Tag Archives: ArcGIS 10
This is part 1 in a 2-part blog. Part 1 provides an overview of pyramids and overviews. Part 2 will provide you with some guidance on generating them when creating a mosaic dataset.
Basically—overviews are not pyramids and pyramids are not overviews. But pyramids generated by ArcGIS have an .ovr extension (short for overview)…Wait, did I just write that?
Yes, the storage format for a pyramid is an .ovr file. But please don’t confuse this with overviews. Fortunately, overviews are organized in a folder named *.overviews. Both are similar but pyramids are created for raster datasets and overviews are created for mosaic datasets.
Lower resolution (downsampled) images of the original data.
Improve display speed and performance.
Writes .ovr files—with a few exceptions.
Writes as .tif files.
Reads pyramids stored externally as *.ovr or *.rrd or internally (e.g. MrSID)
In a single file that generally resides next to the source raster dataset and using the same name.
By default, in a folder next to the geodatabase with a *.overviews extension, or internally for ArcSDE.
Storage location is customizable.
2 to 10% (compared to original raster datasets)
Options when building
Why are you generating them?
Pyramids aren’t mandatory—but without them, the display speed of your raster dataset can be prohibitively slow, especially if the datasets are very large.
Overviews aren’t mandatory—but they are highly recommended. You do not have to create them or you can generate them in only particular parts of the mosaic dataset, such as a highly visited part of the imagery. However, if you don’t create them you may not see any imagery (you may see a wireframe instead or gray images), since there is a limit to the number of rasters that will be processed at one time (which you can change). Without them, the mosaic dataset may display slowly because of all the processing.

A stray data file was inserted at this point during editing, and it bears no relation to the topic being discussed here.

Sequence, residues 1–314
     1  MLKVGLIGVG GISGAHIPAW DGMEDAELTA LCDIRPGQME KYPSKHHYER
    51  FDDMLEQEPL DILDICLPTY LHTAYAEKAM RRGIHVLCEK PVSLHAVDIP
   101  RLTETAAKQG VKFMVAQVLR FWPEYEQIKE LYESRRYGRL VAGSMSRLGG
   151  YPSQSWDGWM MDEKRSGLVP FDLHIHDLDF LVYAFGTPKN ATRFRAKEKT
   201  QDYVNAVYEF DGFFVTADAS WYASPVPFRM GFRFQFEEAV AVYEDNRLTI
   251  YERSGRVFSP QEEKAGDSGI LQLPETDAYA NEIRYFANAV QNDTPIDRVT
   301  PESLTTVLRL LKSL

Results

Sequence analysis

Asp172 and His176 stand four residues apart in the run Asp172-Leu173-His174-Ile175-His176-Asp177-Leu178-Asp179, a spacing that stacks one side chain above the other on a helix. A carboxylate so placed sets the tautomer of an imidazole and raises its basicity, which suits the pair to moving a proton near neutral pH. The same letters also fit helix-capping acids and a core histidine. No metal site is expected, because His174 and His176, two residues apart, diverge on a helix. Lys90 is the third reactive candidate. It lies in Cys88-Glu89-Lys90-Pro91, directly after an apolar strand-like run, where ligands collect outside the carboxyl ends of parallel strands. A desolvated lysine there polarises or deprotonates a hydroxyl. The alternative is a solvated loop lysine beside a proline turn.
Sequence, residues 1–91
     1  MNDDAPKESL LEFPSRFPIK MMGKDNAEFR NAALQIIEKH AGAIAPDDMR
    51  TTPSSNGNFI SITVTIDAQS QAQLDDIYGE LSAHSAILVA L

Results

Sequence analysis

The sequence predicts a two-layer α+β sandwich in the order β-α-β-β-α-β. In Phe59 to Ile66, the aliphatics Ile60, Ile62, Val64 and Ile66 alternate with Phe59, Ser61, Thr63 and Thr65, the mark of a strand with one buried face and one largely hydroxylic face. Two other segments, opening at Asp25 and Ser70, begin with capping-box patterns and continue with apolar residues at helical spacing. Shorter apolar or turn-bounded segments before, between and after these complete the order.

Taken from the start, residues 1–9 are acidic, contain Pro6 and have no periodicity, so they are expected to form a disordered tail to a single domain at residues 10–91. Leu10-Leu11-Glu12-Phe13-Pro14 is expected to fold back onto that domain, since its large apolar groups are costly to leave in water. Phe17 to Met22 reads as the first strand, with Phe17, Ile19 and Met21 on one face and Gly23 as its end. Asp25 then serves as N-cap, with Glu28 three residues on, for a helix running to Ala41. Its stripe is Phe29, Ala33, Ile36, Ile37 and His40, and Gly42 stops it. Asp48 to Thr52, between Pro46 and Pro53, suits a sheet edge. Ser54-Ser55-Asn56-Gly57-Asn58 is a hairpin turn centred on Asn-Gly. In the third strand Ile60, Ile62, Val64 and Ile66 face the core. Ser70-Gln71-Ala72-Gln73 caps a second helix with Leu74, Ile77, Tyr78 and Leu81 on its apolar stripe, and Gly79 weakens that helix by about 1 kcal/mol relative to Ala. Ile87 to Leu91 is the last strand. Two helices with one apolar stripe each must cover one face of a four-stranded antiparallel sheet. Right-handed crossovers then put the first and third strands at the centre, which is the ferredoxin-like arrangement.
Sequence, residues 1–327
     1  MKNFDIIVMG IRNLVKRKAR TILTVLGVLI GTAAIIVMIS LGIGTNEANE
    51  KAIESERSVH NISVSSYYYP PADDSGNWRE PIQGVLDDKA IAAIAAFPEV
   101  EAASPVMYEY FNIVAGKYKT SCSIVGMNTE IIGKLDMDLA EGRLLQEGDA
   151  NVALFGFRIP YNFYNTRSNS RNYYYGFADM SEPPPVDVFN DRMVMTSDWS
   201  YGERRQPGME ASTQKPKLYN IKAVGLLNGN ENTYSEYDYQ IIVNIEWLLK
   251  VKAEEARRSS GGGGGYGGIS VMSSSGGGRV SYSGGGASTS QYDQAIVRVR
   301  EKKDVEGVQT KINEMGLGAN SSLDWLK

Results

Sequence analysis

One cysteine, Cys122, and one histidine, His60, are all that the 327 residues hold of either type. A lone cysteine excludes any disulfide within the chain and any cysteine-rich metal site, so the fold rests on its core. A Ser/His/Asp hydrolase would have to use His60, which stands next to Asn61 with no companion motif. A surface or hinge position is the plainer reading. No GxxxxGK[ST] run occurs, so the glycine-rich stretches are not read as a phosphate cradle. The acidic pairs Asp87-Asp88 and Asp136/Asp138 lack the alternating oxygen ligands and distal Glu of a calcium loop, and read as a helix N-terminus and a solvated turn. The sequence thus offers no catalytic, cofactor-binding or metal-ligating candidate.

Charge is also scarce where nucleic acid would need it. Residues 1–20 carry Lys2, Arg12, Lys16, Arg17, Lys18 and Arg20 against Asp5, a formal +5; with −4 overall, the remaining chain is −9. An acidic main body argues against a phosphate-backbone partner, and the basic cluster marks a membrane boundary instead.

How to create pyramids
If a raster dataset doesn’t have pyramids, then you will often be prompted to create them when you display the data in an ArcGIS application, such as ArcMap. But it’s better to create them before you use the data. Pyramids can be created using geoprocessing tools. There are a few tool choices, since it depends on whether you have one or many datasets to process. To learn about these, see Building pyramids using geoprocessing tools. You can change the properties of the pyramids, such as the resampling method and compression via the geoprocessing environments.
How to create overviews
To create overviews, first they are defined, then generated. When they are defined, the application analyzes the mosaic dataset and using the parameters set for the overviews it defines how many are needed, at what levels, and where. Then they are added as items in the mosaic dataset which appear as new rows in the attribute table. At this point, only the rows have been created to identify the properties and number of the overviews. Next, the overview files are generated. Both defining and generating can be done with one tool—Build Overviews. However, if you need to modify any properties, such as defining a new output location or tile size, then you must run Define Overvews first (to define the properties and add the items to the attribute table), then run Build Overviews to generate the overview files.
When you do generate them, the mosaic dataset keeps track of any changes made to it, such as updating an image, adding or removing images, or altering the footprints. By running the Build Overviews tool or Synchronize Mosaic Dataset tool, with the appropriate options, the overviews will be updated.
- Oh where oh where have my pyramid files gone?
- Pyramids and overviews, or pyramids or overviews?
- Take a look at raster compression, pyramids, time, and space
Submitted by: Melanie Harlow